Currently comprised of founding members and primary songwriters Jesse Crowe and Josh Korody, the Toronto, ON-based indie rock duo Beliefs have released two well-regarded full-length albums over the course of their seven years together — 2013’s self-titled debut and 2015’s Leaper. And although the band has gone through a series of lineup changes throughout their history, the band can trace its origins to a shared love of late 80s and early 90s noise pop and shoegaze. However, the recently constituted duo’s forthcoming, third full-length album Habitat, which is slated for a September 22, 2017 release through Hand Drawn Dracula Records. The album, which was engineered by the duo’s Josh Korody and mixed by Holy Fuck’s Graham Walsh features guest spots from Leon Tahenny, who’s played with Austra, Death From Above 1979 and Owen Pallet on drums and reportedly finds the band completely destructing, remaking and remodeling their self-conscious shoegazer-based sound to pursue an uncompromising new sound and vision, a a way for the band to find their own unique voice and sound. And interestingly enough, the period in which a band finds their own sound and voice may arguably be one of the most exciting and pivotal periods for any band. “I hope that’s the case,” says Crowe. “That’s always how I feel about bands, too – when you listen to something and it seems like it’s leading to a whole other element of a band, when you feel like you’re in the hallway about to open the door to a whole other space that this band is creating. And I hope that that’s what happens with us. We have no real plans at this point. We don’t want to be a ‘shoegaze’ band anymore.”

Interestingly, Habitat was the first time that the band’s founding duo had written an album together, and as Crowe continues, “we wrote 80% of it in a room in four days wth no previous material. It’s as spontaneous as can possibly be” — with material being derived from extensive jam sessions. Adding to the spontaneous nature of the material, the album was recorded and tracked in 16 days and was recorded with no grand design or plan at play; however, interestingly enough the material manages to be influenced by each individual member’s unique interests and obsessions while gravitating towards unfamiliar instruments and instrumentation. Lately, Korody has had an increasing interest in modular synths and avant industrial  sounds, partially influenced by his solo recording project Nailbiter while Crowe had been listening to a great deal of 90s hip-hop — in particular, Portishead‘s Third.  “It’s a dark record, for sure,”  Crowe says of their new album. “I feel like we were drawing a lot more from, like, me being a Goth teenager and Josh only wanting to listen to Aphex Twin and me only wanting to listen to Portishead’s Third for the last year and stuff like that. But also it was time to embody the elements of being a ‘wall-of-sound’ band with some space and the idea of being able to be quiet when you should be quiet, and you can’t do that with three guitars. There’s no space. It just becomes all push and no pull.”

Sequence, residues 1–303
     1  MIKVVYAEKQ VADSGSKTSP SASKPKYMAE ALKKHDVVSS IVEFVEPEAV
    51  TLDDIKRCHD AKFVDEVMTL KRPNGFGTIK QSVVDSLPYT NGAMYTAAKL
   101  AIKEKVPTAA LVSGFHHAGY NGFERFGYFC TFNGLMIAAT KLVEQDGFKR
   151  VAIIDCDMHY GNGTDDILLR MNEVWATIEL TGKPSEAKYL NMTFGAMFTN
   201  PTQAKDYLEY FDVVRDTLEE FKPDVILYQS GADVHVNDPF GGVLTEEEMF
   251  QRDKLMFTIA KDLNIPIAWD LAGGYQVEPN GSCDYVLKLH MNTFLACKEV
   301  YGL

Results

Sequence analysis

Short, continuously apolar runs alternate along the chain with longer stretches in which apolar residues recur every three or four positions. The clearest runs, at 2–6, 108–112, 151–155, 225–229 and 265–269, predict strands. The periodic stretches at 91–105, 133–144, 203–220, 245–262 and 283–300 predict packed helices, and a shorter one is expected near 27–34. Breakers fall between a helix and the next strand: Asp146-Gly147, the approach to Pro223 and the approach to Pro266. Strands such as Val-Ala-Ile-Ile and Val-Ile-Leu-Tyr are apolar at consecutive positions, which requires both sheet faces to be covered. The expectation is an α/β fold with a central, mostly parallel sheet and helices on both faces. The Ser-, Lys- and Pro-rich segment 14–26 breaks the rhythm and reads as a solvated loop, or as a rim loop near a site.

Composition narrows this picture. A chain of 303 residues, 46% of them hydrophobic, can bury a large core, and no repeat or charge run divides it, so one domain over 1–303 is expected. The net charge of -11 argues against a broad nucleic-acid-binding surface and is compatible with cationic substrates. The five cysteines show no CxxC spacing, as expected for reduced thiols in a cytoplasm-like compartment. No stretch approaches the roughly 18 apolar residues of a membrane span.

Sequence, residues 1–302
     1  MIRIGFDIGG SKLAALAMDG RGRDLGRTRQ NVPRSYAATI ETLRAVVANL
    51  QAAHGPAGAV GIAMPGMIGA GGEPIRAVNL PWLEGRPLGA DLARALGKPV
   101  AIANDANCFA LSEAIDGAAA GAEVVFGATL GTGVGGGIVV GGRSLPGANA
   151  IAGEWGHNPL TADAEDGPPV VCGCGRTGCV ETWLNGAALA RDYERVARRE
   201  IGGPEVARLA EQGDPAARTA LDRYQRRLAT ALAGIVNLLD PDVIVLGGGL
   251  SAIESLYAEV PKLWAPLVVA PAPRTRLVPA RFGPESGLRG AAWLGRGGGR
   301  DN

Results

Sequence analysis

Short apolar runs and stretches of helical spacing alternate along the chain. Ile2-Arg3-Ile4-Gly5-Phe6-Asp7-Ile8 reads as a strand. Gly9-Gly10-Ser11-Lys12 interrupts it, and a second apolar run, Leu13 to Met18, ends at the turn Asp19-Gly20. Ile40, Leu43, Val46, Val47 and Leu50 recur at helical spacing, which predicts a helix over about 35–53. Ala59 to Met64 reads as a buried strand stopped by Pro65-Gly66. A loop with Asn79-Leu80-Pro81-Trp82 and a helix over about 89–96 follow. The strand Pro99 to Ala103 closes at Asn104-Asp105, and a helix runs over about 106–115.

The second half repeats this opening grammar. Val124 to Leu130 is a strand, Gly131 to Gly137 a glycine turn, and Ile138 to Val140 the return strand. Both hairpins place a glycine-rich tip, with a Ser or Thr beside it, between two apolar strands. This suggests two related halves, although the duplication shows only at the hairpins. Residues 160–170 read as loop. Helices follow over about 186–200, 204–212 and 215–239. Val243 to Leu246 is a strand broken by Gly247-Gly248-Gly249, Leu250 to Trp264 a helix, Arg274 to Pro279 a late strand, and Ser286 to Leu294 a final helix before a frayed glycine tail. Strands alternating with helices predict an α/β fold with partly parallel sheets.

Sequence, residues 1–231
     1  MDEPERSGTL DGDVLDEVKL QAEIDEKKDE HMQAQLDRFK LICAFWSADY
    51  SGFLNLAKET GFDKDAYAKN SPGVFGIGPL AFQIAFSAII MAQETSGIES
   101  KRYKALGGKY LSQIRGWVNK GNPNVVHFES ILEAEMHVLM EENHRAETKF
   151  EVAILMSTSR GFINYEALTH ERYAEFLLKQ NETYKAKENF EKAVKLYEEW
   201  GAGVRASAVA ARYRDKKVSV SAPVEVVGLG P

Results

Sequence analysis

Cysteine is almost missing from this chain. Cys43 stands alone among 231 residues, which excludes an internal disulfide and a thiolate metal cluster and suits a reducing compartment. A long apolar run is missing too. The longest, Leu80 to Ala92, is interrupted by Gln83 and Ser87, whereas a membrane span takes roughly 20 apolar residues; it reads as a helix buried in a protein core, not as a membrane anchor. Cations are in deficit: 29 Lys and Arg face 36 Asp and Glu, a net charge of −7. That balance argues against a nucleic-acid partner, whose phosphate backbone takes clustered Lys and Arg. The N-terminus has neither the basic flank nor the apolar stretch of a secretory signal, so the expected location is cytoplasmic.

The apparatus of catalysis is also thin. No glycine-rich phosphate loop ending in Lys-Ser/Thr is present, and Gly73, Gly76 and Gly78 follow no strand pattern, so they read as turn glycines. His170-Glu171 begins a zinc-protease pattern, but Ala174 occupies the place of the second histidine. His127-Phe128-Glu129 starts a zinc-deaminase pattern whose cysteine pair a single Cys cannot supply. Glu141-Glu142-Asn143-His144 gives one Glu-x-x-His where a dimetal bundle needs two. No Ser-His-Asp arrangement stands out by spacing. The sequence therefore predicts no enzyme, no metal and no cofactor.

Now, as you may recall I wrote about album single “1994,” a sleek and atmospheric Xiu Xiu, Antics-era Interpol-leaning single that was reportedly a sort of sequel  Leaper‘s “1992,” thanks in part to a song that eschews a traditional song structure; in fact, much like Antics, the song is focused on creating and sustaining a particular mood than whether a chorus should be placed in a particular part of the song or not. “Comb,” Habitat’s latest single is a noisy and abrasive, industrial and mosh pit worthy track consisting of layers of buzzing synths paired with forceful and propulsive drumming and shout worthy, nihilistic lyrics. And while nodding at Nine Inch Nails and Ministry, the song has an almost dance floor friendly stomp at its core. 

Directed by Andrew Matthews and Ivy Lovell, the recently released video for “Comb” features Crowe and Korody with the members of their touring band performing the song  at Toronto-based music venue Baby G under shadowy lighting and strobe lights. 

New Video: The Gorgeous, Surreal and Absolutely Insane Visuals for Doomsquad’s “Pyramids on Mars”

Comprised of  siblings Allie, Jaclyn and Trevor Blumas, Toronto, ON/Montreal, QC-based electro pop act Doomsquad initially began as an acoustic-leaning folk act but with their shared admiration and love of electronic music, electronic dance music and electro pop, the […]